3 3. Remember that you are there to defuse the situation not escalate it. Don t encourage the police to arrest people as a way of getting back at you because of your attitude. Reign in any hostility be polite but firm. The COPS are DANGEROUS! Walk, don t run, and avoid quick or sudden movements around them. Don t become a brutality statistic yourself. 4. Carry rights cards, flyers, and other information with you to give to people subject to arrest or harassment plus notebooks, pens, cameras etc. (You can get free Know Your Rights cards from the National Lawyers Guild or the ACLU the ACLU cards are much more subservient to police authority ). The citizen complaint review boards are often virtually useless as a way of dealing with particularly rouge cops but they can serve to document incidents. Tell people their rights, any numbers or Internet sites where they can contact a lawyer [www.nlg.org or Partnership for Civil Justice (in DC) etc.], how and where to file a complaint. For example, in DC, the Office of Citizen Complaint Review (OCCR) s address is th Street, NW, Suite 500, Washington, DC (Phone: (202) ). Additionally for a lawsuit against the city in DC, as in many other cities, you must send a letter to the mayor announcing your intention to sue the District within 6 months. Tell people: You don t have to follow through with it but should secure your right if the incident is severe enough for you to even consider a suit. 5. Try to get as much information as you can. The day, time, and exact location of the incident The officer s name, badge number, and physical description and district/ psa s[he] is from Where anyone arrested will be taken Witnesses names, addresses, and telephone numbers Vehicle or license numbers for any police vehicles involved in the incident Any other evidence available including videos, tapes, photographs, and complete descriptions of police actions and any resulting injuries. (If there were injuries of any sort be sure to include what medical attention was or was NOT offered by the police people have been let go by officers who were reminded that copwatch members had observed medical attention being denied an arrestee even though the injuries had been not caused by the police). Record everything you can. If you feel it is warranted you can call 911 [easier with a cell phone] and inform them that someone is being injured. Only tell them that it is the police doing it at the end but be factual- because all 911 calls are recorded and relatively hard to lose, this can become a legally useful report. You can call a friend or your own answering machine and record what is happening as it happens. This works well if the tape is long enough and can be essential if it looks like EVERYONE is getting arrested. If you get arrested--when you re in the police vehicle, call a talk show or progressive radio station if the cops haven t taken your cell phone yet. 6. Try to give the arrestee a way to contact you and vice versa. That is not to say you should give your name or get their name in front of police. Give your name ONLY if you are comfortable with the police getting it. 7. Aggressive copwatch. If you are comfortable doing an aggressive copwatch then you can introduce yourself when approaching the scene and explain that you are doing a copwatch. Ask why they are detaining or arresting people but don t speak to arrestees directly and don t ask their name, as they might not wish the police to have it (but write down their name and address if arrestees say it to the police loud enough so you can hear). If the stop is vague, ask an officer to name the section of the law that they are enforcing. [Remember they lie and/or make mistakes if you know better or have a copy of the code with you, respectfully speak up]. Don t approach/speak to the arrestee directly while s[he] is being detained or you can and probably will be arrested. 8. Rights cards. Give your flyers and rights cards to them if a detainee is let go or ticketed. If they are arrested you can ask the officer to give it to them [fat chance, but miracles happen] Or, instead, you can pretend the arrestee dropped your flyer or rights info card when they were searched/frisked and hand it back folded up to the cop. You can t speak to an arrestee directly without getting yourself in trouble [though sometimes you have to be prepared to do just that] but you can loudly talk about what rights people have with the cop or a bystander or your compatriot. [The right to remain silent, to speak to an attorney, to refuse a search of your person, personal items, or car that doesn t mean they won t search just that you should not give them permissi, etc.] 9. Be prepared to stay at least until the stop is concluded. The Rodney King beating began with what seemed to be a routine traffic stop. 10. Have educational conversations. Speak to onlookers about rights, police brutality, what citizens can do and community alternatives. When answering legal questions from nonpolice do NOT be afraid to say, I don t know. This is always better then giving out wrong information. 11. Collect other witness statements if possible. Many will not want to get involved. Try to persuade and educate them otherwise and get they statements where you can t get their names. 12. Keep the copwatch information you have gathered if there was anything bad about the police behavior. Keep it somewhere organized or give it to a [hopefully your local Copwatch] group collecting the information. The least desirable method is turning it over to OCCR, but better then throwing the material away. [Though COPIES turned over to them is a GOOD thing as it creates government documents on the incident] Keep the originals if you can. Do not edit any videotapes you shoot as that may render them useless as evidence against the cops. 13. Know the laws. If you can quote laws or refer to them knowledgeably you are probably one up on the cops and can get them to back off a detainee. [Aggressive copwatch] This also goes for police regulations but these are often hard to get copies of. Be forceful and not tentative during your encounter but remain polite. Carry the laws most commonly used for harassment with you if possible. 14. Remember that in a really bad situation the cops may smash or steal [confiscate] your equipment to keep you from having evidence against them. Have one of your group walk away with what evidence is gathered if things look hairy. 15. Be prepared to be arrested. (Though copwatch per se is not illegal, they will trump up charges). Have ID and a little [$50] money on you if you want to get out of jail easier/faster. 16. Know what you will do or not do if things get very bad. If someone is being beaten/injured/ killed by the police and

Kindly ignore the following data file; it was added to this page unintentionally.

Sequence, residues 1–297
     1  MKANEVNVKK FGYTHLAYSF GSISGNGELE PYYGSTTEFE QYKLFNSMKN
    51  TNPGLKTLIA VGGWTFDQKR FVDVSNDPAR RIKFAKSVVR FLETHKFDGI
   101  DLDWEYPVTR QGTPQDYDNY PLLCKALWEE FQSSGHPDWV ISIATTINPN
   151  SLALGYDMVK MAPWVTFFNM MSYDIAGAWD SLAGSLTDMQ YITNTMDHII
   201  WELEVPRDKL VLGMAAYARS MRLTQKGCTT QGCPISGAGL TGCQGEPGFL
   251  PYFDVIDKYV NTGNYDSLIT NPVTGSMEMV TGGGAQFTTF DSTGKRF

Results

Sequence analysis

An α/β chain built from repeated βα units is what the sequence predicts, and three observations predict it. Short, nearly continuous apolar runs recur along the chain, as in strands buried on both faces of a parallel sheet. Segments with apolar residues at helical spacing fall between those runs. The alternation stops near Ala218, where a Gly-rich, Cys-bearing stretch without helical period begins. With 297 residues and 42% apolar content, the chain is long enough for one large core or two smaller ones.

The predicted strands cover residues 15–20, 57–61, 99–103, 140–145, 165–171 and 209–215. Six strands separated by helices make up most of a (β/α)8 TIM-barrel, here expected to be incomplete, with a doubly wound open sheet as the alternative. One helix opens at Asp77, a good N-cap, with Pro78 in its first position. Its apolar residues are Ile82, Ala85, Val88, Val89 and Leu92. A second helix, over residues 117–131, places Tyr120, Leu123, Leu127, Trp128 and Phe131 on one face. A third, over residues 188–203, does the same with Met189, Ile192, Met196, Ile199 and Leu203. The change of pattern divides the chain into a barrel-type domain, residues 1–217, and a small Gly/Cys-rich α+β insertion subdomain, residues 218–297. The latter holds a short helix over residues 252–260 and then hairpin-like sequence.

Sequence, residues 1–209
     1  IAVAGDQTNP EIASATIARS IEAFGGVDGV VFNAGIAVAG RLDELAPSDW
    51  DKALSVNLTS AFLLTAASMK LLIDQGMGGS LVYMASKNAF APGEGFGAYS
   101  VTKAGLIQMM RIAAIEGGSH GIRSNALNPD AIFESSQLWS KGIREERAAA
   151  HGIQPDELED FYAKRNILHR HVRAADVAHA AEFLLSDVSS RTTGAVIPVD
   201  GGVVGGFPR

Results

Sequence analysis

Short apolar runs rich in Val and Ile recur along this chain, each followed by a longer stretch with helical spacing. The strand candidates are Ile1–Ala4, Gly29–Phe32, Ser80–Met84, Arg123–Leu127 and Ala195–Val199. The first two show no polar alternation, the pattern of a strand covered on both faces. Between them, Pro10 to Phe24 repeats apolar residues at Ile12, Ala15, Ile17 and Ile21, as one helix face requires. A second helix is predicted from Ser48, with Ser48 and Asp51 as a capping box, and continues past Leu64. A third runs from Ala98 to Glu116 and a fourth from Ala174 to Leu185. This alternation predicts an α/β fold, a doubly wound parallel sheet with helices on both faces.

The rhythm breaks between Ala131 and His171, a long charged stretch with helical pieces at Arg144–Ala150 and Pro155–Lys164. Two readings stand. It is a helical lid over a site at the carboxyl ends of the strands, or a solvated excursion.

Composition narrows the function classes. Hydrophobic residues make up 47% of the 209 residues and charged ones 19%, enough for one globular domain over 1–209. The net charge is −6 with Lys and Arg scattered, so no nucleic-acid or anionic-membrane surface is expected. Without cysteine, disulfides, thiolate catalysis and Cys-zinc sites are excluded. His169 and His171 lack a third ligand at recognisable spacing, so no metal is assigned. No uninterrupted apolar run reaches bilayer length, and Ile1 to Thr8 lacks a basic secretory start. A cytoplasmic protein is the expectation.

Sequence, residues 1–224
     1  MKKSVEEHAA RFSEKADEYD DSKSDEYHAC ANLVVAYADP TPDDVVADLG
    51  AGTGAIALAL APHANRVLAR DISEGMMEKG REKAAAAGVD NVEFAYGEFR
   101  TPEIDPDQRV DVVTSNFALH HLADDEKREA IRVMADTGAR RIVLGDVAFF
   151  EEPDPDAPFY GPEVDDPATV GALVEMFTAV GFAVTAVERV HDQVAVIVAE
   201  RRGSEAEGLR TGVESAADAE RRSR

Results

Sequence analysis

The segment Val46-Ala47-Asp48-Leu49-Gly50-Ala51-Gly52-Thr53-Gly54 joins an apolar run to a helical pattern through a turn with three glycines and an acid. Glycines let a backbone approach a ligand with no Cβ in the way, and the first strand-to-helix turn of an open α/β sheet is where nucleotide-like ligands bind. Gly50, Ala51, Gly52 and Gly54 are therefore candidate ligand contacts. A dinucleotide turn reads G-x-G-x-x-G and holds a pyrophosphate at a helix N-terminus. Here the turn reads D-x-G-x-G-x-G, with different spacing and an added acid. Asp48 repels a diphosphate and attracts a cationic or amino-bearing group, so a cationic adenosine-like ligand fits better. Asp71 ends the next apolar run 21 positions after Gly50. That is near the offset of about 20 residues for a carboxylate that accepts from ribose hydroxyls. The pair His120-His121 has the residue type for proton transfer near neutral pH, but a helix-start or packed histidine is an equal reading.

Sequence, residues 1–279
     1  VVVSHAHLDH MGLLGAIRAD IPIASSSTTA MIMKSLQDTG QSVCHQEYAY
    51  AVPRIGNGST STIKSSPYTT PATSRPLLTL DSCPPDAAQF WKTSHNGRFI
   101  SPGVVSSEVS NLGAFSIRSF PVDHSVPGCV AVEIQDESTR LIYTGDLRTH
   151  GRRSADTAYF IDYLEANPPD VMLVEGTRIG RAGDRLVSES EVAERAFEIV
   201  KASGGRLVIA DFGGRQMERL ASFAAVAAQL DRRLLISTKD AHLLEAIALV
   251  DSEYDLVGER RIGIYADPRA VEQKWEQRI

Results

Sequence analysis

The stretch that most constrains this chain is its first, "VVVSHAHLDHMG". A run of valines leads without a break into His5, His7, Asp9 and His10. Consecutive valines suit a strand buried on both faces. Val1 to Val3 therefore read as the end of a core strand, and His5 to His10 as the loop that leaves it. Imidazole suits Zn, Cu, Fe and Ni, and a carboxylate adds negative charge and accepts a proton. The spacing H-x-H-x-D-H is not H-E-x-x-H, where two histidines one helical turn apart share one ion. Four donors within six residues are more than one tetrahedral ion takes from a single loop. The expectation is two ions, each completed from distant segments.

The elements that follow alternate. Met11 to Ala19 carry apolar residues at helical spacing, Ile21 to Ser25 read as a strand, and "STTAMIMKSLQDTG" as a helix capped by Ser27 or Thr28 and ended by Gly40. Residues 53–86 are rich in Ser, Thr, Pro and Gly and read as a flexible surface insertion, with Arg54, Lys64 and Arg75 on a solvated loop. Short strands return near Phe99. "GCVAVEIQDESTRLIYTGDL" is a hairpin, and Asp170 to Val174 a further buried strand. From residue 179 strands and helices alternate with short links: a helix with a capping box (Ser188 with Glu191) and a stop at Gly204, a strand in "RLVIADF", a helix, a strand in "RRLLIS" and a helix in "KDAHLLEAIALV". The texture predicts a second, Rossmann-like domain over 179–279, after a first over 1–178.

4 witnessing does not stop them, KNOW how far you will go and what charges you are willing (or not) to risk/accept in order to stop it. Decide it ahead of time and talk about it within your group. If you copwatch in some areas, this is a situation that WILL happen. Be prepared and be aware. 17. Be prepared to follow through. If you couldn t get an arrestee s name and you feel that the situation was bad enough to warrant follow through or if you think the abuse/beating will continue, then go to the station they were taken to. Loudly and firmly ask how they are the details of what they were charged, explain what you saw, ask to make a complaint against the officers. This puts them on notice that people are concerned and will follow through and it may stop a back room beating. 18. Be careful leaving the area. The cops have been known to follow, ticket, target or beat copwatchers a few blocks from where the copwatch took place. Don t relax your guard. 19. Report what you have seen. Don t just report back to your group, if you have one. If there is a Citizen Review Board however ineffective report it. Talk about it to city council members and show them your evidence. Tell them you want hearings and change of policies. Get your information to the NLG and or ACLU. Tell community or church groups. Write it up and put it on your local Indymedia, weekly if you can. Spread the word as to what is happening in your community. If you are alone and copwatching While it is not something that should be attempted if other options are possible, there are times and situations that demand that copwatching be done by a lone individual. You should not ignore those in exceptional danger just because you are alone. But be aware that single person copwatching entails taking extra risk. If situations like these arise you should probably take the following precautions: A. If you have been convicted of felony crimes or have a lengthy arrest records in your past or are a non-citizen, you should probably not cop watch alone unless the circumstances are exceptional. If you fall under these categories, you have a much greater risk of arrest or harrassment and, therefore, have more to lose. Be aware of your risks. B. Be legal whenever possible. (See above) C. If possible, remain 20 feet from the incident that you are watching and try and contact someone via phone and let her or him know what you are doing so that they can act as your backup. Call 911 see above. D. Be less enthusiastic in engaging the police or the individual that you are watching be detained or arrested. Be aware that engaging the police without a person to back you up could put you in serious danger of arrest or assault. E. As always, take full notes and, if possible, photos or videotape of the incident. If you take photos make sure that they are taken at the last possible moment to ensure the safety of you and your camera. F. Be extra careful leaving the area. The cops have been known to follow, ticket, target or beat copwatchers a few blocks from where the copwatch took place. Don t relax your guard. Some suggestions/options for you to start with when examining what your community will need to challenge illegitimate brutal policing: EFFECTIVE CITIZEN REVIEW BOARDS ( CRBs ) Create paid Citizen Review Boards, ( CRB s ), to review all allegations of police misconduct. To ensure that the actions of the Boards are effective, unbiased, and thorough, they must be endowed with the following characteristics: (A) members must be elected, rather than appointed, and the elections must be by district, not at-large; (B) they must be empowered to issue subpoenas to the police department; (C) they must be empowered to impose punishments upon malfeasant officers, up to and including termination of employment without benefits; (D) they must be authorized to offer rewards, (including vacation time and bonuses), to officers who report wrongdoing in the ranks; (E) they must be empowered to direct the actions of the Integrity Testing Units (see below); (F) Board members must be extended the same degree of civil immunity as enjoyed by police officers; (G) Board members must be totally insulated from the police department and police personnel; (H) ex-parte contact between Board members and the parties must be strictly prohibited; (I) no more than 20% of the members of any CRB can be current or former employees of any law enforcement agency or municipal government, or be related by marriage or first-degree blood to anyone who is; (J) they must be fully funded and staffed, and include an independent attorney and private investigator; (K) they must be completely outside the departmental chain of command; (L) the Chairman of any Board cannot be a current or former employee of any law enforcement agency or municipal government, or be related by marriage or first-degree blood to anyone who is; (M) the Board s meetings, agenda and notes must comply with the applicable state Sunshine Laws.